Conservation research for the Martinican pit viper

Conservation research for the Martinican pit viper

Biotope Amazonia-Caribbean - September 2013

The Martinican pit viper (Bothrops lanceolatus) is endemic to the island of Martinique. Present over the entire island, it is concentrated in the forests and mountains in the wetter, more pristine, northern parts of the island. This emblematic species faces mounting pressures on its survival. Its ongoing conservation is a high priority for Martinique.

In light of this situation, Martiniques’ ministry, the DEAL, have entrusted Biotope’s Amazonia-Caribbean branch with a research project on the state of Bothrops lanceolatus populations.

This initiative, featuring several phases, has resulted in the following conservation measures:

  • Proposals for priority species conservation sites (modelling of niche and distribution patterns);
  • Proposal for IUCN conservation status of Bothrops lanceolatus to be placed in the ‘Vulnerable’ category and a request for a review of its regulatory protection status;
  • Proposal for a long term monitoring program to evaluate the effects of conservation measures.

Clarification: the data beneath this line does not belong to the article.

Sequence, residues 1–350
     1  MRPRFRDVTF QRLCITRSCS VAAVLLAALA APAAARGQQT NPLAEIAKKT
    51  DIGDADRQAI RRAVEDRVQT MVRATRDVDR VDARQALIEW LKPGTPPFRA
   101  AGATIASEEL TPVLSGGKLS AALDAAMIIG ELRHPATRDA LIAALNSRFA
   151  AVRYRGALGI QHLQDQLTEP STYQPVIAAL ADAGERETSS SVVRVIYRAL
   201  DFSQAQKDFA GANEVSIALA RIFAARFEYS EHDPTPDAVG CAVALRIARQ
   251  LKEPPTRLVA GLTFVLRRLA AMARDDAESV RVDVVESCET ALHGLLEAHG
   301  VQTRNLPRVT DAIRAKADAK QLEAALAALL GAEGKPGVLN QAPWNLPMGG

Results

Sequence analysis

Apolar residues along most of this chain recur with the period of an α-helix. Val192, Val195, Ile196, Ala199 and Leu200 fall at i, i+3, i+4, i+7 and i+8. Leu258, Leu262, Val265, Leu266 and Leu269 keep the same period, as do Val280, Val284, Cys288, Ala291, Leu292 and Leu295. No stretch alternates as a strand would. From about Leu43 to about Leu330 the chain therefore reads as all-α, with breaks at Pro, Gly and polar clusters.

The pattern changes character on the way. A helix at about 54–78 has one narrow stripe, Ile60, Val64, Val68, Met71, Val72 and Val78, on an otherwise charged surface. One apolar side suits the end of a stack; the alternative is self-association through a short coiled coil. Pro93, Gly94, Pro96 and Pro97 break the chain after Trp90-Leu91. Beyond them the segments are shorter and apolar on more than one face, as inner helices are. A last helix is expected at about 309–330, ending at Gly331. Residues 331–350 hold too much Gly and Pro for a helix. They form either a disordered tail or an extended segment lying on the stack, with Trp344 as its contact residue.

The illustration below is of tissue sampling on a Martinican pit viper. A third of the Bothrop’s length is held in a PVC tube whose diameter is slightly wider than that of its body. This precautionary measure reduces any risks. Using fine scissors, four to five ventral scales are removed and preserved in 95% proof alcohol for genetic analyses. The snake is released after the procedure.

Manipulation d’un Trigonocéphale pour un prélèvement de tissu - Crédits : Nathalie Dewynter


To determine if several historically distinct genetic groups of Martinican pit vipers comprise the populations of this species, nine biopsies were undertaken from live and preserved specimens obtained from the ONF (National Forestry Office) in Martinique. The samples were sent to the University of Basel (Sylvain Ursenbacher) and the results indicated an absence of distinct genetic groupings at the island scale. As a result, in terms of conservation, a single genetic group was identified. Updates on the project over the coming years will be provided.

This type of conservation work, combining research, GIS modelling and scientific data analyses, marshals Biotope’s collaborators motivated by nature conservation.

Le serpent trigonocéphale (Bothrops lanceolatus) - Crédits : Nathalie Dewynter